Automated Farmland Contamination Monitoring Using Internet of Things

Student: Lizbeth He
Table: ENG3
Experimentation location: School, Home
Regulated Research (Form 1c): No
Project continuation (Form 7): No

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Bibliography (for preliminary research only – used for the research plan)


Aelion/University of South Carolina, C. M. (n.d.). Soil Contamination Monitoring. UNESCO - ENCYCLOPEDIA OF LIFE SUPPORT SYSTEMS (EOLSS).

Boedeker, W., Watts, M., Clausing, P. et al. The global distribution of acute unintentional pesticide poisoning: estimations based on a systematic review. BMC Public Health 20, 1875 (2020).

Characterization and Monitoring Technology Guides for Cleaning Up Contaminated Sites. (2023, November 9). U.S. Environmental Protection Agency.

Lindwall, C. (2022, July 21). Industrial Agricultural Pollution 101. Natural Resources Defense Council (NRDC).

University of Sydney. (2021, March 30). 64% of global agricultural land at risk of pesticide pollution? ScienceDaily.

Bibliography (for in-depth research – used for the research paper)


Caruso, A., Chessa, S., Escolar, S., Barba, J., & López, J. C. (2021, November 15). Collection of Data with Drones in Precision Agriculture: Analytical Model and LoRa Case Study. IEEE Xplore.

Chavel, I. (2001). Isoperimetric inequalities: Differential geometric and analytic perspectives. Cambridge University Press.

Farooq, M. S., Riaz, S., Helou, M. A., Khan, F. S., Abid, A., & Alvi, A. (2022, April 11). Internet of Things in Greenhouse Agriculture: A Survey on Enabling Technologies, Applications, and Protocols. IEEE Xplore.

Gunstone, T., Cornelisse, T., Klein, K., Dubey, A., & Donley, N. (2021, May 4). Pesticides and Soil Invertebrates: A Hazard Assessment. Frontiers.

Kumaran, S., Shankar, M. G., Krithikraj, P., & Karthik, M. (2024, January 26). An Intelligent Framework for Wireless Sensor Networks in Environmental Monitoring. IEEE Xplore.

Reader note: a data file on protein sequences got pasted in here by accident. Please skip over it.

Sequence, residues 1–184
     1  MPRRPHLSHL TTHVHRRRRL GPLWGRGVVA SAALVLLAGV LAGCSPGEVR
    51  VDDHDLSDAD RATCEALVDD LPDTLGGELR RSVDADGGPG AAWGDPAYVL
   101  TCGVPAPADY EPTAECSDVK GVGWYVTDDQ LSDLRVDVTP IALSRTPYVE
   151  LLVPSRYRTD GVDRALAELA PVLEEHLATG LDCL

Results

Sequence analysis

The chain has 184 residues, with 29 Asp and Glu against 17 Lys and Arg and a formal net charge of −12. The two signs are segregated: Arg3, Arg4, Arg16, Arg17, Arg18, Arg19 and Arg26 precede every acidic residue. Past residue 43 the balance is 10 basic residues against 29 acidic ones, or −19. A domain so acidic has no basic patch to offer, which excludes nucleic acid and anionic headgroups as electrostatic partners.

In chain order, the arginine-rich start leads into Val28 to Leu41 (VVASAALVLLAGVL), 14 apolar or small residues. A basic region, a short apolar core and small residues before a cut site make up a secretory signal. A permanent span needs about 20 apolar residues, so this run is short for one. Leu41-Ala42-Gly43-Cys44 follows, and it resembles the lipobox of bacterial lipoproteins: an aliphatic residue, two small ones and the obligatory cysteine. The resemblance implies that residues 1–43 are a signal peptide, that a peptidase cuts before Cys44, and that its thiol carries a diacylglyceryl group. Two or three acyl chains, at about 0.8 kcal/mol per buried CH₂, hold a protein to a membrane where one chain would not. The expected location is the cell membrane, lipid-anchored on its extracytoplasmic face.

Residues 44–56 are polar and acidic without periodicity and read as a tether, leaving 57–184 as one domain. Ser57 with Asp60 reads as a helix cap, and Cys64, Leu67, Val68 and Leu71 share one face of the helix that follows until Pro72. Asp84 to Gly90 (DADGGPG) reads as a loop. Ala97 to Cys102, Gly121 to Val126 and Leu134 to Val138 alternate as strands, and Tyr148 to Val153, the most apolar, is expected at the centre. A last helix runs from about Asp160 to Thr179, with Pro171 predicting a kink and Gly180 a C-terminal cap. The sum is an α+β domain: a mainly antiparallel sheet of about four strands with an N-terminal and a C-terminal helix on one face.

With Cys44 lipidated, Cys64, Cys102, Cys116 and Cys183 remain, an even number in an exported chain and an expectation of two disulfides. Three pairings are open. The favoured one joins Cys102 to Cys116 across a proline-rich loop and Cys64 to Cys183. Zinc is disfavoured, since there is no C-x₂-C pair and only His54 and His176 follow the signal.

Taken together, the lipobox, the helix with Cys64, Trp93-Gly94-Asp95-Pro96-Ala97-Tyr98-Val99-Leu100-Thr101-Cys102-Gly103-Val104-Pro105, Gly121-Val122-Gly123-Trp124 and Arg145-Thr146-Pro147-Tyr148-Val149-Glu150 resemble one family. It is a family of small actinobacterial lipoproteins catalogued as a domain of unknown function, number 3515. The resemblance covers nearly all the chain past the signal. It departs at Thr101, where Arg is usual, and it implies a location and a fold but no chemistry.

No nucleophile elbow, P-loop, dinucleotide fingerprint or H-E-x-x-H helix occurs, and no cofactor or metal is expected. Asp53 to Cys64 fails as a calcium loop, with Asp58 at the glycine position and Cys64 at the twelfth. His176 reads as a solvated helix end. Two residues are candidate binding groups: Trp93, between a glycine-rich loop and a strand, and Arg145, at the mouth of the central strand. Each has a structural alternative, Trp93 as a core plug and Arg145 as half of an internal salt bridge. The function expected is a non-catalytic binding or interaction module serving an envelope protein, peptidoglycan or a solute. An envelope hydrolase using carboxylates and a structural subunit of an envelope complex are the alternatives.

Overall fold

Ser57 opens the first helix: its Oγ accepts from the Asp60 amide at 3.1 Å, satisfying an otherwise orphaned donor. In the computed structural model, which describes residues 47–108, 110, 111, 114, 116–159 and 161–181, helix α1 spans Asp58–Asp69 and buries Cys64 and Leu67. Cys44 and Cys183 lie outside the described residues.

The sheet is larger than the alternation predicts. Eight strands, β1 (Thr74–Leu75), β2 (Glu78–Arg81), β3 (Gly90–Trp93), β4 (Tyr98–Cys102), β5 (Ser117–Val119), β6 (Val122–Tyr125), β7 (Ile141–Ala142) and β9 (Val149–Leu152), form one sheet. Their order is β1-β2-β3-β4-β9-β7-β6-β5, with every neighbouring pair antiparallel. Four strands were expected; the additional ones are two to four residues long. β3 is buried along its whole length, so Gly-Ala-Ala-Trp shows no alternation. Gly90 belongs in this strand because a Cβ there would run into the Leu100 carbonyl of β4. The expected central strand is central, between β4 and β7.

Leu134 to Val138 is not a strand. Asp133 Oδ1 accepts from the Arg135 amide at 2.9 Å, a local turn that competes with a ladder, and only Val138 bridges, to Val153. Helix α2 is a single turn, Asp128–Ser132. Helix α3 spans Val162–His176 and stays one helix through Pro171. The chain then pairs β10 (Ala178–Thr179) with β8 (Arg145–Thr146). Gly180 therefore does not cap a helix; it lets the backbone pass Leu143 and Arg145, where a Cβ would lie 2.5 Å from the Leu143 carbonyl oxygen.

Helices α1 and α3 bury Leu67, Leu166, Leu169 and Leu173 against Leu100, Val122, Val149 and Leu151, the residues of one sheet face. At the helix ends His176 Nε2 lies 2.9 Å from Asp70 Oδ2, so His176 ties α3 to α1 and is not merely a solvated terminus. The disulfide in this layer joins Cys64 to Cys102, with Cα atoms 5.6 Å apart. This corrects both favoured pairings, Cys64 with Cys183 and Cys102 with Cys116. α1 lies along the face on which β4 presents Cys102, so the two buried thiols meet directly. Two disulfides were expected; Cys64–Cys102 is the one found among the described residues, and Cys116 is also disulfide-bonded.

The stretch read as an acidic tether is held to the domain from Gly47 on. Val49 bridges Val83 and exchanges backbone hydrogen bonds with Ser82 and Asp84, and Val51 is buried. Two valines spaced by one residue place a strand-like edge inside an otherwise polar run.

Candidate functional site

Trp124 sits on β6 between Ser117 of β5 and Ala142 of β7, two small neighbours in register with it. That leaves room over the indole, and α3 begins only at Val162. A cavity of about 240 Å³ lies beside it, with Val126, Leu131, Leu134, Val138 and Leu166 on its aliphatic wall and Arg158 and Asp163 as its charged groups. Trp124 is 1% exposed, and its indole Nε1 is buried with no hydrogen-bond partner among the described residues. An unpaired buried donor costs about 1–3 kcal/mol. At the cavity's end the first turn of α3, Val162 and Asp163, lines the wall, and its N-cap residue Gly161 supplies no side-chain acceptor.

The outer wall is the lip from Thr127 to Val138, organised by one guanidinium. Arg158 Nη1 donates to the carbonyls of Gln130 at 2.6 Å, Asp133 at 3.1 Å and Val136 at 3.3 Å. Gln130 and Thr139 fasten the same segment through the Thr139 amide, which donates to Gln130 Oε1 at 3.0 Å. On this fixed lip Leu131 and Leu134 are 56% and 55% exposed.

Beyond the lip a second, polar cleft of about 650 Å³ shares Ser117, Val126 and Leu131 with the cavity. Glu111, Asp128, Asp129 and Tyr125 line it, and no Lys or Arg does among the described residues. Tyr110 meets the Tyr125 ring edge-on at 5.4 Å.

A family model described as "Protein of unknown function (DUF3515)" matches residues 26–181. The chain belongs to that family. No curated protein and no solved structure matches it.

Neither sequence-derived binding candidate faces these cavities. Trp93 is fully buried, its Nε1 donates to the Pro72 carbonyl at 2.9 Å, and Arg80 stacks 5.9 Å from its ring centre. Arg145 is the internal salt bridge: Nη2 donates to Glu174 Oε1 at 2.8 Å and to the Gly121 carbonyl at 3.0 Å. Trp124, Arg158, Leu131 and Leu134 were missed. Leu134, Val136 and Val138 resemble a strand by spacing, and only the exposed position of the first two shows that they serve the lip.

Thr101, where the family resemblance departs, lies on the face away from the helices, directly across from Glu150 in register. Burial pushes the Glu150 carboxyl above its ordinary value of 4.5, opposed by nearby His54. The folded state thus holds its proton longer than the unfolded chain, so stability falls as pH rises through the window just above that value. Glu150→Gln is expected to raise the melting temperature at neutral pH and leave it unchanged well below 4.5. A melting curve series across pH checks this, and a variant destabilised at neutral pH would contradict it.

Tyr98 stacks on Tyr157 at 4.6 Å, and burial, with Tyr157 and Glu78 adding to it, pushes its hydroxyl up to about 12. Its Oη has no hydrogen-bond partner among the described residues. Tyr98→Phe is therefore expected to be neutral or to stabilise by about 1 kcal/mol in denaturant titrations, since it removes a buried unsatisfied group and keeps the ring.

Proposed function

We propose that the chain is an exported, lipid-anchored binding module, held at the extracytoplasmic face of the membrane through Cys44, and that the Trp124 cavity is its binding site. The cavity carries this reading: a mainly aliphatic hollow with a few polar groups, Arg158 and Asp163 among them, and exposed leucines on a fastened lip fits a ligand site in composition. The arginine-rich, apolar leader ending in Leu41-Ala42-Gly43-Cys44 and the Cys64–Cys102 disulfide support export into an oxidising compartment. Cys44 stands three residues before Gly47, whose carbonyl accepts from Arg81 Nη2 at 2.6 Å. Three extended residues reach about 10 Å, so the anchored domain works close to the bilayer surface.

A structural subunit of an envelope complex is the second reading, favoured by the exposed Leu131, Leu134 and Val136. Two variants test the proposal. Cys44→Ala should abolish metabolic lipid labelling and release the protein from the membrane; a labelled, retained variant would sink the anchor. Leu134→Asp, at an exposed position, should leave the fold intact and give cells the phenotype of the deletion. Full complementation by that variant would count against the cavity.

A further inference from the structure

Liu, L., Huan, H., Zhang, M., Shao, X., Zhao, B., Cui, X., & Zhu, L. (2019, April). Photoacoustic Spectrometric Evaluation of Soil Heavy Metal Contaminants. IEEE Xplore.

Rayhana, R., Xiao, G., & Liu, Z. (2020, March 31). Internet of Things Empowered Smart Greenhouse Farming. IEEE Xplore.

Shafique, K., Khawaja, B., Sabir, F., Qazi, S., & Mustaqim, M. (2020, January 28). Internet of Things (IoT) for Next-Generation Smart Systems: A Review of Current Challenges, Future Trends and Prospects for Emerging 5G-IoT Scenarios. IEEE Xplore.

Shaikh, F. K., Karim, S., Zeadally, S., & Nebhen, J. (2022, September 27). Recent Trends in Internet-of-Things-Enabled Sensor Technologies for Smart Agriculture. IEEE Xplore.

Sänket, R. J., Baviskar, A., Ahire, S. S., & Mapare, S. V. (2018, February 22). Development of a low cost nitrate detection soil sensor. IEEE Xplore.

Tang, F. H., Lenzen, M., McBratney, A., & Maggi, F. (2021, March 29). Risk of pesticide pollution at the global scale. Nature.

Xue, D., & Huang, W. (2020, November 18). Smart Agriculture Wireless Sensor Routing Protocol and Node Location Algorithm Based on Internet of Things Technology. IEEE Xplore.

Yu, X., Ergun, K., Cherkasova, L., & Rosing, T. S. (2020, October 2). Optimizing Sensor Deployment and Maintenance Costs for Large-Scale Environmental Monitoring. IEEE Xplore.

Zhou, L. (2022, November 22). Environmental Sensor Network Construction and Real-Time Monitoring System for Rural Environmental Pollution Control. IEEE Xplore.

Additional Project Information

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Research Plan:

Research Plan


Anthropogenic contamination has been steadily on the rise for the past centuries. A key industry that has been impacted is agriculture, something that inherently relies on the environment. Additionally, using pesticides, fertilizers, and other chemicals are common practices that have been used to protect crop quality. However, now, 64% of all global farmland is at risk of pesticide pollution. Not only does this pose a severe danger to crop growth and quality, but it also directly impacts consumer health. Around 3.3 million deaths each year are caused by inhaled pollutant particles alone. Note that this does not account for harmful pollutants that may enter the body through other ways, such as ingestion and absorption. Furthermore, farmland contamination can also be devastating to ecosystems, harming organisms and resulting in a ripple effect. For example, it can harm animals who eat the contaminated crops, and then move up the food chain to its predators as well. Afterward, entire ecosystems can be devastated and left ruined by such contamination.